08 September 2005

North Carolina to New Mexico

Whoo…we had another whirlwind drive across the country…but first, let me catch up. The last few days in NC where relatively uneventful, we tried not to do too much since gas prices were all skyrocketing. We did go to another gem mine, a sapphire mine this time. We had a good time and found a couple good sapphires, but I have to say…gem mining is not easy work. We were both exhausted afterwards and our hands were raw and sore from digging in the dirt and sharp rocks.

We left Asheville at 8am on Tuesday the 6th; we drove for 20 hours straight and pulled into a Wal-Mart parking lot at about 4:30 am, slept till 8:30, and where back on the road at 9am and in Roswell, NM by 1pm Wednesday the 7th. What a hellacious drive. Now, let me back up. Tennessee is pretty, but really, really, really long to drive straight across. Arkansas…what can I say about Arkansas…there’s a whole lot of not much there. Although we did drive past Peckerwood Lake and Toad Suck Park, both of which made me snicker, I gave up and had to call my sister to guffaw about Toad Suck Park, I mean, come on. I can’t say much about Oklahoma, the sun went down about 20min into the drive through Oklahoma and we drove through the night, if there’s anything there, I didn’t see it. From Oklahoma we drove into Northern Texas, parked in Amarillo and slept for a little bit. We got up in the morning and drove through Northern Texas, at which time I wished it was night again, there is nothing to see there except A LOT of cows, acres and acres of cow pens. But four hours after getting up from 3 hours of sleep after 20 hours of driving, we arrived in Roswell, NM. We are both really tired and looking forward to a good nights rest. We are all set up and ready to stay and have been talking about the different things we want to see while we are here.

We had to pick a few things up at the store and I am SO happy to be back in a part of the country that has Tillamook cheese. I’m very excited to be in the South West and looking forward to spending a good amount of time here.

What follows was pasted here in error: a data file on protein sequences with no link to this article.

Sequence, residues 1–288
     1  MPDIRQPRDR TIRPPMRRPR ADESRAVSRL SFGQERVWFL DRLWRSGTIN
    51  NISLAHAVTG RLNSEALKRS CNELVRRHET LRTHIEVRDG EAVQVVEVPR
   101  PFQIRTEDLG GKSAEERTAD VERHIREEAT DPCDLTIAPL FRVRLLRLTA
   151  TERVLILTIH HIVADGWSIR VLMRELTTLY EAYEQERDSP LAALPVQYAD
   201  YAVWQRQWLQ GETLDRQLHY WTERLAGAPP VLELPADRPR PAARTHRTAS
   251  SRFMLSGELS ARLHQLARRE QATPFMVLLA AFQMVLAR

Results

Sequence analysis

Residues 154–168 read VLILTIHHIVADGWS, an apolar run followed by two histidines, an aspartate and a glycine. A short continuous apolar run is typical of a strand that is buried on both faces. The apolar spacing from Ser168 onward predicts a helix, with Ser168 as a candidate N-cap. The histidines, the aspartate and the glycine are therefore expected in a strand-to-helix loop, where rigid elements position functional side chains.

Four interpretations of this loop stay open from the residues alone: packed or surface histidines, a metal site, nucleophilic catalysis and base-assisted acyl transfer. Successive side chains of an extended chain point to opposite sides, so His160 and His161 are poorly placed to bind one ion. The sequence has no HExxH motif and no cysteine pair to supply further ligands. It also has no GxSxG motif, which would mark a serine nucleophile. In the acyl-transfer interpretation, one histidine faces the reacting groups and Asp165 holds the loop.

I told Bill to remind me to kick us both straight in the head if either of us ever thinks a drive like that would be a good idea again.

Hugs from New Mexico~

PS - we've named the hula girl, Hi'iaka. Here is an exerpt from http://www.huna.org/html/hawaiian_goddesses.html that explains the name a little bit. Given the weather we've driven through so far, we thought it appropriate. "Hi'iaka is the sister of Pele, born in the shape of an egg. Her name is often given as Hi'iaka i ka poli o Pele, translated literally as "Hi'iaka in the armpit of Pele," and figuratively (by the missionaries) as "Hi'iaka in the bosom of Pele," which has turned into the idea that Hi'iaka was the youngest and favorite sister of Pele among a group of eight sisters. However, the earliest accounts indicate that Hi'iaka was the only sister of Pele who came with her to Hawaii. The other Hi'iaka "sisters" are actually just aspects of the original Hi'iaka. "Armpit," by the way, was a euphemism for another part of the body, so Hi'iaka may actually have been the daughter of Pele. All of the Hi'iaka "sisters" had cloud forms, but their names really refer to the "holding" of clouds, according to the translations of William Ellis, not to the clouds themselves. So there is Hi'iaka-wawahi-lani (Heaven-rending cloud holder); Hi'iaka-kapu-enaena (red-hot mountain-holding cloud); Hi'iaka noho-lani (Heaven-dwelling cloud holder); and so on. The word hi'iaka is not found in Hawaiian dictionaries with a separate meaning, but hi'i means "to carry something," and ka'a means "to move along like a cloud." Another kino lau of Hi'iaka is the pala'a or lace fern, and she is also associated with the 'ohi'a lehua tree. Since the wind can be said to "hold" clouds, and since she went on many journeys, for the Kahilis she represents the element of wind. "